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More than 50 homeowners want answers. They say their southwest neighborhood stinks to high heaven because their homes are on top of an old sewer plant.

Now, they tell city officials their health is in jeopardy. On Thursday the residents met with city staff and developers about their issues.

Residents say Stablewood Farms is anything but stable. First they complained about unsteady foundations. Now they say they are falling ill.

It gets inflamed, almost like my arm is on fire, said resident Charles Sanchez.

His rash comes with the rain; and so does the smell that Sanchez says he can t escape in Stablewood Farms.

The house fills up with sewer gas. It gets into the clothes, linens, bedding. I m breathing that in, where am I to go? This is my home, he says. And I feel it s contaminated.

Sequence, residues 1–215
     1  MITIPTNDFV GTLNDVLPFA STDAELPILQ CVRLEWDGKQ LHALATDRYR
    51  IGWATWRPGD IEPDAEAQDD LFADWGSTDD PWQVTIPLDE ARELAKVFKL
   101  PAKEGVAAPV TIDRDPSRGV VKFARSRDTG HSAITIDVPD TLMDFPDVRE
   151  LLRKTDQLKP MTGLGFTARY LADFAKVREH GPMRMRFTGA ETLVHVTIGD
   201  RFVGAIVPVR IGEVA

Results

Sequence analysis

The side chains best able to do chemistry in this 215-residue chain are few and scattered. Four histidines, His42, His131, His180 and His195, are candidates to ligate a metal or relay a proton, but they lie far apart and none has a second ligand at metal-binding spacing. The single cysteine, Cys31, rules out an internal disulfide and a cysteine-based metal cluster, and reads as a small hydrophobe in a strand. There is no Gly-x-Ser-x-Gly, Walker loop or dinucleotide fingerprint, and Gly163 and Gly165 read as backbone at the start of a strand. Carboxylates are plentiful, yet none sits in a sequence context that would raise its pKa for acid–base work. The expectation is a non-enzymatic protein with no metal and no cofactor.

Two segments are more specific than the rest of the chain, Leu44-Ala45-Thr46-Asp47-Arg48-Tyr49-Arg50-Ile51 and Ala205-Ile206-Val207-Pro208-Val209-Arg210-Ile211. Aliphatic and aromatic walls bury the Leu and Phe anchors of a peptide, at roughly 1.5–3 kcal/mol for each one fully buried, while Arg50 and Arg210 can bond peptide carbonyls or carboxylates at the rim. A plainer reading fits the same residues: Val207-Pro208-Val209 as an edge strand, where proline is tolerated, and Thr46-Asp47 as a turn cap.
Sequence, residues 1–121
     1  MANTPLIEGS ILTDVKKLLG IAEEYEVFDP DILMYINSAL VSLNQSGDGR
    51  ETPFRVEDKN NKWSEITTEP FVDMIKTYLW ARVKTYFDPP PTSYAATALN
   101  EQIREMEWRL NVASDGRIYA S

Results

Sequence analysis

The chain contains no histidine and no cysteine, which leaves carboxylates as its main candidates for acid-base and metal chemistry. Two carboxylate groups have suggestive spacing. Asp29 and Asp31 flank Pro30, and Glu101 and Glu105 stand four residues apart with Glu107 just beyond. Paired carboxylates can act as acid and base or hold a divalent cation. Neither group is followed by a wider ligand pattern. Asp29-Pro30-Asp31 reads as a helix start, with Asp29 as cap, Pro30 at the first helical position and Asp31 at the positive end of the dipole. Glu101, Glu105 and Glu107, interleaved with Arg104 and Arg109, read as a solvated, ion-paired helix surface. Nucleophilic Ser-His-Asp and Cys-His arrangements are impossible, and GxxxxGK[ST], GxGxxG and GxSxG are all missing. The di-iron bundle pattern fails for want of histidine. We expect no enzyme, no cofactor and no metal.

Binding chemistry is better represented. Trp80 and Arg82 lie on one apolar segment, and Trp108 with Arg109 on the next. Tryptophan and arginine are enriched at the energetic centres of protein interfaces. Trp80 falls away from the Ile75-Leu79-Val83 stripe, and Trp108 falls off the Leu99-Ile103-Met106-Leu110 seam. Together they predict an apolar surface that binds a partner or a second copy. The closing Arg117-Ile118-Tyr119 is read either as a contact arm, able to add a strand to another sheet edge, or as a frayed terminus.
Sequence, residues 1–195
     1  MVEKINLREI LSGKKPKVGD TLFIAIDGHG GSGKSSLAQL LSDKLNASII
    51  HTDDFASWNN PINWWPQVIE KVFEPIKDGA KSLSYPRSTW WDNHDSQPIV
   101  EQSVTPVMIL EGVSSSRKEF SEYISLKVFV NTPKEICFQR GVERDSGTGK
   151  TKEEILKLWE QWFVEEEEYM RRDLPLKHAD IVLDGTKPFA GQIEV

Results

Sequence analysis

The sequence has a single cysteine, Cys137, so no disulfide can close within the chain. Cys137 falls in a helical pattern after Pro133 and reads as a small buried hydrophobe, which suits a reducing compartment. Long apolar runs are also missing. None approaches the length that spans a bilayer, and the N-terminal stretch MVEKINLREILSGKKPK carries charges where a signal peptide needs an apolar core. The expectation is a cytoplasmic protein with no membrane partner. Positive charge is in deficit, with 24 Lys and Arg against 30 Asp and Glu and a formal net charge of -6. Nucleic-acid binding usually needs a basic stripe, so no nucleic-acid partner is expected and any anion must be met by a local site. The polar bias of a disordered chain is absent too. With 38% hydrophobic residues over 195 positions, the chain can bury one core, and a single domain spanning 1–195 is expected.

Sanchez's neighbor says the stench emanates from the soil full of what Esmeralda Perez believes are the remnants of a sewer plant. The kids in Stablewood play in the dirt... and Perez and other parents think it s harming them.

It concerns me because I m stuck with all this medication. My kids have asthma. They have rashes. On top of that, they have eczema, says Perez. And all the kids in the neighborhood seem to have similar problems.

Stablewood s homeowners say they were never told about the 18 sewage lagoons that were there before their homes were built upon fill dirt.

The city says the sewer complex was shut down in 1992. They say it s not their problem.

The state s environmental agency says the closure of the plant followed TCEQ guidelines. It s not their problem.

Home-builder, DR Horton, didn t show up. And the land s developer told the crowd he bought the land believing everything was cleaned up.

They have not given us a straight answer, said Perez.

So what now? The civil rights group LULAC is getting involved.

Homeowners say after a decade of questions, they are left to suffer.

My children are getting sick. My neighbors are getting sick. And what s causing it? Perez asks.

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